if I can control the dice, with plenty of wit. Indolent reading, reading from one author to another, in a reverie at times, in the search of pleasure and joy and truth, is what I am most fitted for. As Samuel Johnson once put it, “the most general and prevalent reason [for this kind of] study, is the impossibility of finding another amusement equally cheap or constant.” I sample three pieces of such reading to close our time.
I begin with Aeschylus. One of the deepest legends of the classical world is that of the immortal Prometheus, a Titan. In one of those eras when Zeus was at odds with humans and depriving them of pleasure, Prometheus pinched a spark of fire from heaven and took it to humans for their good. Well, Prometheus also happened to know the secret of the marriage of Thetis. Zeus desired her so he punished Prometheus by chaining him to a crag where an eagle fed on his liver daily, only for it to grow back every night. When Oceanus comes to get Prometheus to back down to Zeus, Prometheus refuses. He refuses the offers of others as well, and is eventually doomed to the abyss. Prometheus embodies those who fight the gods, who refuse to give in to Zeus.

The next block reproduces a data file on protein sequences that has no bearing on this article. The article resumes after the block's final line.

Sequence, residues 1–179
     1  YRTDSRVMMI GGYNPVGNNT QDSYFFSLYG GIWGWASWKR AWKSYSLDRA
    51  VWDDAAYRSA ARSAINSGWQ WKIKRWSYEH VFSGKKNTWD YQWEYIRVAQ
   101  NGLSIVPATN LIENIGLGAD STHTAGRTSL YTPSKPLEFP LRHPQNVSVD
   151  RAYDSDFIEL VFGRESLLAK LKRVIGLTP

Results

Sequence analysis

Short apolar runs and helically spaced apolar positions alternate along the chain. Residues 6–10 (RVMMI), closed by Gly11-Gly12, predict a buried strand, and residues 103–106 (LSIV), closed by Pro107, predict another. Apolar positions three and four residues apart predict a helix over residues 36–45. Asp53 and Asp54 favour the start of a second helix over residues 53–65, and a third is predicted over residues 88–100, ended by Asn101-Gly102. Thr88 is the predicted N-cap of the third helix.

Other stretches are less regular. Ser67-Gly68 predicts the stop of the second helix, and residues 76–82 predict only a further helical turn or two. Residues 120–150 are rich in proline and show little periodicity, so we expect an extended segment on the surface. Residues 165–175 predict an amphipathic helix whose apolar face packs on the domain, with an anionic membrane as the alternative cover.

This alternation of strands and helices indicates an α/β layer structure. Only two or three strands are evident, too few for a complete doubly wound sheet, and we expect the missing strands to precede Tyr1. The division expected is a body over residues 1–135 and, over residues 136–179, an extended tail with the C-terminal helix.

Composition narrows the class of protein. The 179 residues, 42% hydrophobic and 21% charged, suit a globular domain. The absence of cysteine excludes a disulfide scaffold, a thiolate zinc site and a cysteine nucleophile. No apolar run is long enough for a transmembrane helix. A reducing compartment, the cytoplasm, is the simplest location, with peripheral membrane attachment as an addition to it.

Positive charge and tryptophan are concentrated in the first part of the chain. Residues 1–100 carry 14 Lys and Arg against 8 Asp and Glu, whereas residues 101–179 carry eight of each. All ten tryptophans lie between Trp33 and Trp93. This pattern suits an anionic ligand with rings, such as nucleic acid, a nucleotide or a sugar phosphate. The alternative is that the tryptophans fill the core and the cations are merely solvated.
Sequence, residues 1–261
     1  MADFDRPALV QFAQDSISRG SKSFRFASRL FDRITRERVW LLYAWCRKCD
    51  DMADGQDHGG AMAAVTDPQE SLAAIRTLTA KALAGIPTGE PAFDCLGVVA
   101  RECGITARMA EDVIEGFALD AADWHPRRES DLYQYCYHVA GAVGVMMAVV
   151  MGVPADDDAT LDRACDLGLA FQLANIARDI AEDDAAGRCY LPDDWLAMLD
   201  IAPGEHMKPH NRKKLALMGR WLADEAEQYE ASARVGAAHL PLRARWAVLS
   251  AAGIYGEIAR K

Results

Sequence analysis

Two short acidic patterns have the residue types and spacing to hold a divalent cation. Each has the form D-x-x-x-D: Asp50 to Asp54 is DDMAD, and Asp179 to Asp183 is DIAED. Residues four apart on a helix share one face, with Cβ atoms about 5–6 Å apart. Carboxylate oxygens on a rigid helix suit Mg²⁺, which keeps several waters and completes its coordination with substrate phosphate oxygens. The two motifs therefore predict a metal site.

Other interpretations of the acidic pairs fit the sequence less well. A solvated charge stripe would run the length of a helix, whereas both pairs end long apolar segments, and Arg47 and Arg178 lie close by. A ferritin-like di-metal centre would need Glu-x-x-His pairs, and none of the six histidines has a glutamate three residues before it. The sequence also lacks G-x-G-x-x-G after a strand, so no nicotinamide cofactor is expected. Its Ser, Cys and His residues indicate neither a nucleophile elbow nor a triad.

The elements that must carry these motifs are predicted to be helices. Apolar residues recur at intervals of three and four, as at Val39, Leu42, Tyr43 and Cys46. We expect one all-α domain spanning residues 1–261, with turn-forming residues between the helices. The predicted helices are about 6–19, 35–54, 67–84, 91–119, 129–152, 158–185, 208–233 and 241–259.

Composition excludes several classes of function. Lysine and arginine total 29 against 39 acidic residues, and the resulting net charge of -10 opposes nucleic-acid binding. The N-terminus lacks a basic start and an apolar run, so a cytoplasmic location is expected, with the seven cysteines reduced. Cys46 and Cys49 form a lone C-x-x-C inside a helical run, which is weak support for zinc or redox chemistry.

It is Promethean of Elaine Pagels and Bart Ehrman to fight the orthodox gods that are so clearly articulated in the creeds of the Christian Church. They think they have, like Prometheus, stolen a spark so they can “inform” the world of what is hidden but it is they who are re-opening Pandora’s jar of heresies. Prometheus, contrary to the imaginations of countless scholars like Ayn Rand since, was never released because he had usurped an authority that was not his.
This story no doubt inspired C.S. Lewis’s character in his first published work, the epic ballad Dymer. Dymer had been worked on by the educational system to get him to conform for nineteen years, but one day in class, he came to his senses and suddenly laughs aloud.
…From his lips
Broke yet again the idiot-like guffaw.
He felt the spirit in his finger-tips,
Then swinging his right arm – a wide ellipse
Yet lazily – he struck the lecturer’s head.
The old man tittered, lurched and dropt down dead.
Dymer runs from the school house.
… He felt his city dress